So instead, I rolled the calendar up, played with my pup, and later playfully labeled the holes as paw prints, hung it up, and went on with my day.

This is such a small moment, but it highlights our reactions can influence, and make-or-break the circumstances we find ourselves in.

I don’t also react well to what life throws at me, but each time I do I mark it as one more step to being the person I want to be.

STAY BOLD, Keep Pursuing,
— Josh Waggoner | Daily Blog #1147

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Clean Slate Method

Often the obstacles in our way are not (just) the problem(s) we are facing, rather how we are dealing with them.

Basically, we lose our sh🙈t. We worry and loop our problems and mistakes over and over again. We stress ourselves so much we drain all the energy we have (and could have used to solve it.) We’re not thinking about this of course (myself included), we’re too busy dovetailing into the abyss.

At least, that’s how I feel when I have too much on my plate or when I’ve unintentionally said yes to too many things I should have said no to.

But I have found a silly method that has helped me out in times of distress, like when I have stacks of todos and a negative amount of time to do them.

I mentally drop everything.

I pull the tablecloth and swipe away clean everything on it.

I sink all the battleships.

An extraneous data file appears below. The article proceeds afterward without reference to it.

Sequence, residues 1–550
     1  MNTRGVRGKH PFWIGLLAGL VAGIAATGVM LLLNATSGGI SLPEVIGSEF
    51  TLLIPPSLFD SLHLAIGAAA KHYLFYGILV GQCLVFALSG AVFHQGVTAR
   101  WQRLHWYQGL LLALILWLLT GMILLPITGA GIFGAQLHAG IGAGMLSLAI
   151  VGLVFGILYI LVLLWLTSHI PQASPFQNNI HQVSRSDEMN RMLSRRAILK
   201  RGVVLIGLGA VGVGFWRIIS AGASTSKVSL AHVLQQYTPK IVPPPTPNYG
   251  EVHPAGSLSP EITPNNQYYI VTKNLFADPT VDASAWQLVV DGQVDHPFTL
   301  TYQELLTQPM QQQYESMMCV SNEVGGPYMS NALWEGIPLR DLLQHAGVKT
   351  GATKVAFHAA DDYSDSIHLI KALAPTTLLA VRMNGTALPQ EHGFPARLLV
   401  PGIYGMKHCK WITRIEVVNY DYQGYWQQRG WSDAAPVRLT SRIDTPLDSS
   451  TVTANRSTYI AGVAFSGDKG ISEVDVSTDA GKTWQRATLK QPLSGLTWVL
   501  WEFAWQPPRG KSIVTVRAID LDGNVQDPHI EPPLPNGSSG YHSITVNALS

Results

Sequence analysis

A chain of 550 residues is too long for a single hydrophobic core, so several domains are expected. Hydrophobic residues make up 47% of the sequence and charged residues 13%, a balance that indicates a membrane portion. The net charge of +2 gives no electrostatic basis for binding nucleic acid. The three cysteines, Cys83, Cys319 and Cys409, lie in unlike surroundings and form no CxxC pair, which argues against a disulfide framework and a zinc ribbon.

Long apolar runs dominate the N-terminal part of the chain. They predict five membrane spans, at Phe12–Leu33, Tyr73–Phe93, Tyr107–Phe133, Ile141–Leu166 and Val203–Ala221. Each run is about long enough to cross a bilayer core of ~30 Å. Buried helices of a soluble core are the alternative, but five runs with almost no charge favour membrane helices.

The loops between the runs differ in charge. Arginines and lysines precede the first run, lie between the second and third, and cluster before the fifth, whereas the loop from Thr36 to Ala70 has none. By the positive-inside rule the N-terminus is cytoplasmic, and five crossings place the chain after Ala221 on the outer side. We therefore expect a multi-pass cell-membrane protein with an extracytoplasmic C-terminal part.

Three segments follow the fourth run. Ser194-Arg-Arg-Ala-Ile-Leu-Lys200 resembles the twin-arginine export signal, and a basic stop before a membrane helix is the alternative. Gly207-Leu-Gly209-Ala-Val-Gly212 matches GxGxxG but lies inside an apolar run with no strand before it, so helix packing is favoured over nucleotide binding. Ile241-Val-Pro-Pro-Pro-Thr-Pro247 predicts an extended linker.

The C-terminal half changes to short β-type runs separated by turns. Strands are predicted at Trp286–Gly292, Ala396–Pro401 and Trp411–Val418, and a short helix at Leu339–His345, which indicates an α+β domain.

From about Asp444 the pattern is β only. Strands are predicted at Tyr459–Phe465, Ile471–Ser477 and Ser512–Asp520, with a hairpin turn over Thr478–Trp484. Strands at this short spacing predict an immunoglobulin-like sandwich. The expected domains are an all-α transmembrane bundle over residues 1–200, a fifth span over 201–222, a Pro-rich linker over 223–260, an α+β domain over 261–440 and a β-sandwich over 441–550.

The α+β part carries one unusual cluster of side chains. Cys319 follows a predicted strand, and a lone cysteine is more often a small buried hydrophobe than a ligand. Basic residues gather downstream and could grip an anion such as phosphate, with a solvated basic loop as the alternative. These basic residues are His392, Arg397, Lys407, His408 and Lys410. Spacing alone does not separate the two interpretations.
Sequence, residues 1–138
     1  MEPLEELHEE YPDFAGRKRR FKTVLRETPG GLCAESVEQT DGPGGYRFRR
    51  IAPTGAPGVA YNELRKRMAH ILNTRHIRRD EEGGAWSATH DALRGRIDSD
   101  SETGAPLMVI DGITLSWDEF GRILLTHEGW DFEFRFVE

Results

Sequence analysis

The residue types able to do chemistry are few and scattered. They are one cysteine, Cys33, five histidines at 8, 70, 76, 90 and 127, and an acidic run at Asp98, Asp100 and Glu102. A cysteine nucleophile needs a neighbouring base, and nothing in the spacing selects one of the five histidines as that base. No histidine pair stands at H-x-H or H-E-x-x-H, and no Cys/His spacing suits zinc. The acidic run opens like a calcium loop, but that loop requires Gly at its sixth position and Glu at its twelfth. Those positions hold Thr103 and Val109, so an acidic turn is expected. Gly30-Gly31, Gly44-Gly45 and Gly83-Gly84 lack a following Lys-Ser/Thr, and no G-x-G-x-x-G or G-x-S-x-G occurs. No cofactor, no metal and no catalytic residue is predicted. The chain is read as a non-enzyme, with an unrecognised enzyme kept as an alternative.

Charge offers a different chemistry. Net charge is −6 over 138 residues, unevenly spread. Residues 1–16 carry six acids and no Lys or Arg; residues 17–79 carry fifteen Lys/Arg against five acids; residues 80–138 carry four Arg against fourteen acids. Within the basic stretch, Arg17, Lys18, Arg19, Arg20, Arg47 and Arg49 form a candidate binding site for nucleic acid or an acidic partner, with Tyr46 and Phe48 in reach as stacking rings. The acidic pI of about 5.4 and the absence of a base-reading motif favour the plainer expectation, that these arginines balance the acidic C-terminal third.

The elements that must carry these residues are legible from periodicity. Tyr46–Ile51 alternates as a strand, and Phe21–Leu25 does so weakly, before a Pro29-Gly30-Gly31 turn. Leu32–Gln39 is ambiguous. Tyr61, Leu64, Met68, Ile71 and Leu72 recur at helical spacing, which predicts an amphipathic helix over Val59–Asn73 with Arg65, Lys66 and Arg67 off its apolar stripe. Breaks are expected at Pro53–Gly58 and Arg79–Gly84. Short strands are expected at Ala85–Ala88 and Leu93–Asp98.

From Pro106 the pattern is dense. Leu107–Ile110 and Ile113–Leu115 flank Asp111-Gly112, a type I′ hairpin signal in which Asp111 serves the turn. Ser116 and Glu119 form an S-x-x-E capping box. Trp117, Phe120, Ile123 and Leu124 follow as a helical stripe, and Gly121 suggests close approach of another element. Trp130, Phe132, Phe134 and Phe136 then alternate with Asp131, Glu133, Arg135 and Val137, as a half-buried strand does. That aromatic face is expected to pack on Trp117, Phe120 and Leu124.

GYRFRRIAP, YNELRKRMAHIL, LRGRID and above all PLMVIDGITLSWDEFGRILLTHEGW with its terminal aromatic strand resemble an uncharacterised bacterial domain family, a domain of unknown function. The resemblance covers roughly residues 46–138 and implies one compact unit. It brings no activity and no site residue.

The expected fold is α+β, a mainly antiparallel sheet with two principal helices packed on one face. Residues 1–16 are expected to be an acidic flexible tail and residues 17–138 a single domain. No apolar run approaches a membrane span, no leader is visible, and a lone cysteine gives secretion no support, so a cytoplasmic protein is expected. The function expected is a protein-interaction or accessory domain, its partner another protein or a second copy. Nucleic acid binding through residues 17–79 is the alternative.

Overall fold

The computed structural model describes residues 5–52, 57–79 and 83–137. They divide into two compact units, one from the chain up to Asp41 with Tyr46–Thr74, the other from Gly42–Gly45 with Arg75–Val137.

And all I’m left with is a clean slate.

No obligations. Nothing I need to get done. No outside pressures. (And now no inside pressures either!)

Not in reality, just in my mind. I think of it as a factory reset for my brain.

If you’re into paper products (like me) then think of it as a fresh, new sheet of paper, or a blank calendar, unblemished.

As I sit in this mind space, I slowly begin to ask myself questions like:

  • If you could drop everything from your life, what would you want to keep/pick back up?
  • What do you really want to do?
  • If something is holding you back from doing that, what immediate actions are you able to take to open that blockade?

The clean state method is a tool to get you in a better headspace to solve problems and focus on what matters.

Obviously, we can’t actually can’t set everything on fire and start over, but we can stop mentally getting in our way by overwhelming ourselves with the past and our expectations of the future.

Clearing your head gives you much more room to focus on the immediate priority, and tackle things head-on—just not all at once.

It’s had to make anything happen if you’ve psyched yourself out before you’ve even be

STAY BOLD, Keep Pursuing,
— Josh Waggoner | Daily Blog #1136

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Day and Night

“I often think that the night is more alive and more richly colored than the day.”

Vincent Van Gogh

The best ideas often come from raw and difficult experiences. It’s like we take everything we are feeling, ball it up and use what skill we have—be it our voice, guitar, words on a page, dance—and creatively express it out of us.

Creativity can be an excellent release valve when the pressure of life starts to build. Making something is a creative way to release what’s bottled inside in a positive way.